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A flexible Dart bytecode compiler and runtime written in Dart, enabling code push for AOT Dart apps.

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dart_eval is an extensible bytecode compiler and runtime for the Dart language, written in Dart. The compiler is powered under the hood by the Dart analyzer, so it achieves 100% correct and up-to-date parsing (although compilation and evaluation aren't quite there yet.)

The primary goal of dart_eval is to be interoperable with real Dart code. Classes created in 'real Dart' can be used inside the interpreter with a wrapper, and classes created in the interpreter can be used outside it by creating an interface and bridge class.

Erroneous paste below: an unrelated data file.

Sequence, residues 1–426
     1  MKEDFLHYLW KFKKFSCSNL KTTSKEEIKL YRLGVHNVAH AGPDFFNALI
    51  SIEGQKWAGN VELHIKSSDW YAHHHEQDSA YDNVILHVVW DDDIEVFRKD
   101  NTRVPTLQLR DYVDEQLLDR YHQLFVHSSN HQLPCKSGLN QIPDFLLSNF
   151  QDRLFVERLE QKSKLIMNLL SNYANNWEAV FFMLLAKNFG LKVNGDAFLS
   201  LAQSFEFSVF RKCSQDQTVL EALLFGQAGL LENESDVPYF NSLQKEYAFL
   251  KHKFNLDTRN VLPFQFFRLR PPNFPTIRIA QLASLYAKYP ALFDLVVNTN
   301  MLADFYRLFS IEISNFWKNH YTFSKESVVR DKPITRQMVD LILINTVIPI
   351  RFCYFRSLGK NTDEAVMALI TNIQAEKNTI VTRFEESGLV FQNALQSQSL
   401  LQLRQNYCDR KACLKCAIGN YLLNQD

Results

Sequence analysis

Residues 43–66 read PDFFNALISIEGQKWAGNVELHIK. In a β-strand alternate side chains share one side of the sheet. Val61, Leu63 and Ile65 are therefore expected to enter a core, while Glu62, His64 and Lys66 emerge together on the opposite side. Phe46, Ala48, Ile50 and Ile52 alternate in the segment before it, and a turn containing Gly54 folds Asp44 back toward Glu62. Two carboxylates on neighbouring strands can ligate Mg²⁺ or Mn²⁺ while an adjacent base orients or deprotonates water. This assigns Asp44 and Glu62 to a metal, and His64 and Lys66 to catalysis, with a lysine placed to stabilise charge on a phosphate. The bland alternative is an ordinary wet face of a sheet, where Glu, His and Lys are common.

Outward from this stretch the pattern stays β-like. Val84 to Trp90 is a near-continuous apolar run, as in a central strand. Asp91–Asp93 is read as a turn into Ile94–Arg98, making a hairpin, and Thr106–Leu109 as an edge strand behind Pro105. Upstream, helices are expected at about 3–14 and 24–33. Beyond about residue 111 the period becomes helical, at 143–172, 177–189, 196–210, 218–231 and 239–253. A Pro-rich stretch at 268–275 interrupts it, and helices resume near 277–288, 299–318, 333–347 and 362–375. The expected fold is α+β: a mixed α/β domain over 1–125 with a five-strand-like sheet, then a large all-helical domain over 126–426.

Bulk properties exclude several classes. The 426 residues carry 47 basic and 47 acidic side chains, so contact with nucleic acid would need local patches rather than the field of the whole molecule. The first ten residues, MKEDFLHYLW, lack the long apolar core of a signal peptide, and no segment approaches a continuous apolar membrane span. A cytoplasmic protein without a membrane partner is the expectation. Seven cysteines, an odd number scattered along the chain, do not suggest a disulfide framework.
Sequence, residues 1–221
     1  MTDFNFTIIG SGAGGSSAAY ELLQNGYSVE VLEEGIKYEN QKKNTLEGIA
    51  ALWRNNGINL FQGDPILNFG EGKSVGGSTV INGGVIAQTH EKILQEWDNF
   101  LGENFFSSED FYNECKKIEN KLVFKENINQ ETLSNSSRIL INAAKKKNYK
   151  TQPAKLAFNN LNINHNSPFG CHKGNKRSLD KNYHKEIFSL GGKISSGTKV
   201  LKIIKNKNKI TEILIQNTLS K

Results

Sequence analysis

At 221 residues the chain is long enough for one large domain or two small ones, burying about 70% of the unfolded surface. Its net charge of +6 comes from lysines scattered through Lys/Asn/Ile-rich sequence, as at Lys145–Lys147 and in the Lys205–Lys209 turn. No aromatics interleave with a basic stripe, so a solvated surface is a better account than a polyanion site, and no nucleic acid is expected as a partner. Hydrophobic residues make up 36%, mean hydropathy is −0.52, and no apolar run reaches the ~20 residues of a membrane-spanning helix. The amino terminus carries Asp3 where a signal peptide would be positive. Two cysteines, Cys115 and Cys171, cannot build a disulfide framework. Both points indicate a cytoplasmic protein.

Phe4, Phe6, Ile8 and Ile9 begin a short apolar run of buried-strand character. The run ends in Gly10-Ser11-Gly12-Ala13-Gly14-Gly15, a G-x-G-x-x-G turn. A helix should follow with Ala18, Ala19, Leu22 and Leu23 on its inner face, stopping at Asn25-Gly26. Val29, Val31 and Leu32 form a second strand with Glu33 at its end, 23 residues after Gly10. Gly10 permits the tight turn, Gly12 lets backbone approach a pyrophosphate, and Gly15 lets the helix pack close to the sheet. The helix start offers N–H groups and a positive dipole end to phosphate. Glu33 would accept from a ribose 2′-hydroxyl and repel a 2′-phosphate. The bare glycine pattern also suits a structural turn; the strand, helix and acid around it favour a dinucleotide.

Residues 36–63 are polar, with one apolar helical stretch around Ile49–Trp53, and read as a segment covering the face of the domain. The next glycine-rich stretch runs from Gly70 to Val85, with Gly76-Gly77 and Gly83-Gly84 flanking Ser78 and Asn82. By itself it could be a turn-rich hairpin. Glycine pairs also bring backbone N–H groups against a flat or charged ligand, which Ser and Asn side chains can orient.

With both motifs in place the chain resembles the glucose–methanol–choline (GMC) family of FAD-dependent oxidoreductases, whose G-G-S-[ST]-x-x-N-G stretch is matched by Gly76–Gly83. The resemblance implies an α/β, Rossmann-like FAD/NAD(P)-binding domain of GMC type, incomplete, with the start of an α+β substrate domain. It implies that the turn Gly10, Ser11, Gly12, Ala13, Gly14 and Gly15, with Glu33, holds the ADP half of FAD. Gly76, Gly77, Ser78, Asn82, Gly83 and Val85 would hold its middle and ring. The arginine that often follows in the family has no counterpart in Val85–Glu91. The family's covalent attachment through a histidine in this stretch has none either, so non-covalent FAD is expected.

Currently dart_eval implements the basics of the Dart spec, but there are still core features missing such as async/await, generics, and generators.

Usage #

A basic usage example of the eval method, which is a simple shorthand to execute Dart code at runtime:

import 'package:dart_eval/dart_eval.dart';

void main() {
  print(eval('2 + 2')); // -> 4
  
  final program = '''
      class Cat {
        Cat(this.name);
        final String name;
        String speak() {
          return name;
        }
      }
      String main() {
        final cat = Cat('Fluffy');
        return cat.speak();
      }
  ''';
  
  print(eval(program, function: 'main')); // -> 'Fluffy'
}

Compiling to a file #